You may offer seasonal products bundled with others. A good example is Valentine’s Day. Try wrapping cute stuffed animals holding a red nail polish or pairing shampoo and conditioner with a pretty red ribbon and bow. Another suggestion is filling a basket with products and candy and a bottle of wine is awesome. Professional beauty supply stores will also promote gift sets that can be resold at retail. Seasonal sales can be a great time of collaboration. Do you know people who make beautiful gift baskets? Offer them, or they may ask you first, to set a few items in your salon or at your station for clients to purchase. Just remember, you pay rent for the space, so they should expect to give you a percentage of each basket sold. Get it in writing, so there is no misunderstanding.
These may be products from a profitable sideline, for example, you may want to sell lingerie or high-quality undergarments. Related to beauty but not a salon service or product. Other suggestions are hats, gloves and sunglasses, wooly socks or umbrellas, scarfs, wraps and purses. Don’t forget about the snack machine. Candy, soft drinks, bottled water and chips are great retail items for clients waiting to be served. (Note: in the mornings, please offer complimentary coffee, tea and pastries. Just a personal preference.)
There are many great brands of products that can be sold through your business that do not relate at all to beauty and style. They may, however, be consumer products that make sense. Examples would be legal services, insurance, household products, etc. Most of the brands will fall under network marketing or affiliate sales. Speaking of affiliate sales, these and other products should be available through your website for clients to order directly. Companies to consider for affiliate sales are Rakuten, Shareasale, and Commission Junction. You post advertiser ads on your website that is linked to that site with your tracking code. When visitors click on the ads and make a purchase, the company pays you a commission. It does not cost to be part of these affiliate programs and they offer training and tips on their respective websites.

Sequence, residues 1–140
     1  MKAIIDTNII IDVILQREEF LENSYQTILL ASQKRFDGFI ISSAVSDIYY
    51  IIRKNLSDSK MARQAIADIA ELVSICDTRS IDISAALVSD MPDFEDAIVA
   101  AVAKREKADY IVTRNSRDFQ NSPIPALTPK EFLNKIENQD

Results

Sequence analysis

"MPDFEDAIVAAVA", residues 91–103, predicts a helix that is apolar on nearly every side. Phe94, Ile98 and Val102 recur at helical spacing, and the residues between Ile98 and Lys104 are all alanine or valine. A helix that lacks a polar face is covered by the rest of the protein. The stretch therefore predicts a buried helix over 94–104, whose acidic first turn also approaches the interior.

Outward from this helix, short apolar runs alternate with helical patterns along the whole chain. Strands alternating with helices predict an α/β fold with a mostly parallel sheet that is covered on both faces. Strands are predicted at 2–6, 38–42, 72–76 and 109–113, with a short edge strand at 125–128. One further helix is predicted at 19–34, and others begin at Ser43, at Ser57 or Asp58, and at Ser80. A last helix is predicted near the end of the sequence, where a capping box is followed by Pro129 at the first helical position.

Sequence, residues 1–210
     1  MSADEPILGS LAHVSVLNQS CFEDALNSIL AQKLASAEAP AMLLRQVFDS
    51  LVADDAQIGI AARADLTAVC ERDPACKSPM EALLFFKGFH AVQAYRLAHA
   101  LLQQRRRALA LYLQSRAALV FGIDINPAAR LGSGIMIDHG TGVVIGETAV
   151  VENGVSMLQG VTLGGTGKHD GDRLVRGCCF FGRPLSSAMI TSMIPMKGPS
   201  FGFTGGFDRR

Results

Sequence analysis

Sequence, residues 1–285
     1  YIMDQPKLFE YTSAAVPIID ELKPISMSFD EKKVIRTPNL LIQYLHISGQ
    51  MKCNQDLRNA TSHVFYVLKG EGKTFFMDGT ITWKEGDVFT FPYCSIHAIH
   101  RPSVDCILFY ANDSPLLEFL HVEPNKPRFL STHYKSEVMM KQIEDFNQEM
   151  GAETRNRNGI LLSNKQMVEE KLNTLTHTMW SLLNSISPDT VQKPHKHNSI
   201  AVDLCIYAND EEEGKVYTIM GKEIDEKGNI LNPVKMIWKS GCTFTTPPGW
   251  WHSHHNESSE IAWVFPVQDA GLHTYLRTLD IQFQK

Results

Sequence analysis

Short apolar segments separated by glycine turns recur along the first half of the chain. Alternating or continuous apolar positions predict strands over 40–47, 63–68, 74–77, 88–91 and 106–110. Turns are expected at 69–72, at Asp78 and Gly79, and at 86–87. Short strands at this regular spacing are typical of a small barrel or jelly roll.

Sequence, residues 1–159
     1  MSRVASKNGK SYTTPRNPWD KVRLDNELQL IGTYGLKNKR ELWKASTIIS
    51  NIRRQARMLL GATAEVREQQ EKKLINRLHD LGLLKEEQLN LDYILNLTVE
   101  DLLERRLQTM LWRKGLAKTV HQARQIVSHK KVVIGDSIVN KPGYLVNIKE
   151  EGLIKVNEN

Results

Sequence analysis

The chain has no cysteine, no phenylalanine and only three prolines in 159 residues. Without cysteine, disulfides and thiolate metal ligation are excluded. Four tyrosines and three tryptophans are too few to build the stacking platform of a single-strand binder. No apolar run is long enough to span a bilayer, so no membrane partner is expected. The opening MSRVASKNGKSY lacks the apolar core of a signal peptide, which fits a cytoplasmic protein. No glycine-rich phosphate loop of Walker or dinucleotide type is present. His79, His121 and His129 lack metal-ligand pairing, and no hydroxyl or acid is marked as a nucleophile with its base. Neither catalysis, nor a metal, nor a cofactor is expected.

Whatever you decide, be sure you have a prominent attractive in-salon, or at your station, display with brochures and fliers. Promote all you do on your website and through periodic email marketing. With email marketing take care to comply with soliciting rules via email. Most platforms require you to acknowledge CAN-SPAM and the Anti-Spam laws regarding commercial messaging. See details regarding email at the end of this section.
Profitable sidelines make great add-on products and services as well as additional income for you. Just remember that they are sidelines and should not overtake your main business. You want clients to feel comfortable when they come in for service. No one wants to be over sold or bombarded with offers. Your display should speak for itself coupled with your caring professional manner. Share a few benefits and let them decide.
Taking the Next Step – Speaker Leader
As a manager you have taken on a leadership role in the industry. Consider being an educator or trainer. Offer your speaking services for career days or industry events with local beauty stores or manufacturers. With all your knowledge about certain products and retailing, consider being a “brand Ambassador” for your favorite products.